The Ethical Dilemma: Should I Feel Guilty About a Big Wedding?

Experiencing an ethical dilemma? Need advice from a humanist perspective? In the spirit of the New York Times “The Ethicist” or Slate’s “Dear Prudence,” Humanist Network News is proud to introduce “The Ethical Dilemma,” an advice column by Joan Reisman-Brill.

Send your questions to The Ethical Dilemma at All inquiries are kept confidential.

Follow-up to Silent Night: Last week you made some suggestions for the person who was suffering from incessant holiday tunes in her bed-and-breakfast. But what can we do about all that holly jolly music we hear everywhere we go from Halloween through New Year’s Day?

—Noel Where to Run, Noel Where to Hide

Dear Noel,

I suspect there is marketing data that says people buy more presents faster for more money if jingle bell jingles are playing nonstop while they shop. But short of hibernating until the season is over or wearing sound-canceling earmuffs, we are probably stuck with the rude mood music. If, however, you and many others decide to politely ask the store or restaurant or hotel managers to turn down the sound or play something else—and mention that you just can’t bear to stay there any longer with those songs blasting, so maybe you’ll just have to order online or eat at home or switch to a staycation—the commercial penchant for piping holiday music might begin to pipe down.

Even many people who love everything about Christmas hate hearing “Oh Holy Night” all day for weeks. You’re not a Grinch if you express your displeasure to people in charge of the sound system as long as you do it nicely. You may help make the season brighter for everyone.

Party Tax: I just read an editorial by an economist who advocated tightening belts in this bad economy. He specifically cited what the average wedding costs, and proposed a heavy tax on affairs that exceed this amount. I’m in the process of planning the big fancy wedding of my dreams (complete with a humanist celebrant), and I’m wondering if I should feel guilty about going above and beyond the typical budget.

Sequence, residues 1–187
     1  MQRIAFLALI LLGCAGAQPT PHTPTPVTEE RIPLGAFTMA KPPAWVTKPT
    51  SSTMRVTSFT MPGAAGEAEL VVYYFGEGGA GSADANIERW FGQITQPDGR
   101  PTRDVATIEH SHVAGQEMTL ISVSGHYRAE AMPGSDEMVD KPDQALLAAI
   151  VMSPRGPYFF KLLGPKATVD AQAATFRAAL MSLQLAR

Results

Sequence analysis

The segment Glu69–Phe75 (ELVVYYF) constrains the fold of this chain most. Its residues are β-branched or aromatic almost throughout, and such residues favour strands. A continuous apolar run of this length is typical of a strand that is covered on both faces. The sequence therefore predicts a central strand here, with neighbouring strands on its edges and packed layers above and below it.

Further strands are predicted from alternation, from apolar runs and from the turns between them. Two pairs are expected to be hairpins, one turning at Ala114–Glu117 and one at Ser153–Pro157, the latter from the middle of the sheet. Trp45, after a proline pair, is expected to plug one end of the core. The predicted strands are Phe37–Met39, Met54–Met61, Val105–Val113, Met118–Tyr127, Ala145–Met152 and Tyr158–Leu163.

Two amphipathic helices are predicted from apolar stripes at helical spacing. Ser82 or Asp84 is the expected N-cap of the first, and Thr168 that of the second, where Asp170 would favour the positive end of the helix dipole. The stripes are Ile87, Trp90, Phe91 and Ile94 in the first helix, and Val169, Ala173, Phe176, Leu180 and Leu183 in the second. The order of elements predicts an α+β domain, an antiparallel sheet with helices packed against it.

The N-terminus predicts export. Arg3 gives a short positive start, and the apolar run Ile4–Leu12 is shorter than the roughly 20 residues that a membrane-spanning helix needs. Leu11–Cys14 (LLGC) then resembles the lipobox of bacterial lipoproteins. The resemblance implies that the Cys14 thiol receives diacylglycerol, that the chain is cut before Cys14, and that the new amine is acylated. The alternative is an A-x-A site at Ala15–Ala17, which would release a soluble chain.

—Let Them Eat Cake

Dear Cake,

I’m no economist but I wonder whether that writer really is either. Fortunately, I can’t imagine how a tax like that could possibly be enacted or enforced, since it would be economically disastrous. Think how many people’s livelihoods depend upon big affairs: caterers, waiters, cooks, butchers, bakers, candlestick makers, jewelers and craftsman, hotels and airlines, dress makers, tailors and department stores, photographers, musicians and entertainers—the list goes on and on. Big affairs create scores of jobs, many of them for small businesses who hire underemployed people eager to land a gig.

But no one should spend the rent money or the kids’ college fund on a lavish event. There’s nothing wrong with hosts on a budget asking guests to bring food or drink, or to help set the tables and serve the meal. But there is a school of thought that says it’s unethical for people to do a job themselves if they can afford to hire others to do it for them. The idea is to spread the wealth around by providing opportunities for people to make some bucks, so that they in turn have something to spend on others.

If it would make you feel better, you could suggest that your guests make donations to your—or their—favorite charities in lieu of gifts, but that should remain an option, not an edict. Many people enjoy picking out special gifts, and you are entitled to enjoy receiving them if that’s what you prefer. Keep in mind all the people who will benefit from your affair—including all the guests who will get to share your special day—and have a wonderful time without the slightest guilt.

Joan Reisman-Brill is a writer based in New York City. She received her BA in English literature from the University of Chicago, an MA also in English lit from the University of Michigan, and an MBA in management and marketing from New York University. She has worked in public relations, marketing and myriad facets of writing and editing for nearly four decades. She has been steadily increasingly her humanist identification and activism at an accelerating rate, and while she doesn’t pretend to have all the answers, she welcomes this opportunity to tackle the questions.